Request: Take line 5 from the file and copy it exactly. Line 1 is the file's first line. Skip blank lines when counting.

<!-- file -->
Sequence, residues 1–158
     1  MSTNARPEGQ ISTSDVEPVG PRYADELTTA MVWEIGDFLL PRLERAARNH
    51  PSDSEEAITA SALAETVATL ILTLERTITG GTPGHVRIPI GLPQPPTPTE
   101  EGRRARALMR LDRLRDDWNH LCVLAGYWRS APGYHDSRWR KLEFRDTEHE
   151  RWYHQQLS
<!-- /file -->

   151  RWYHQQLS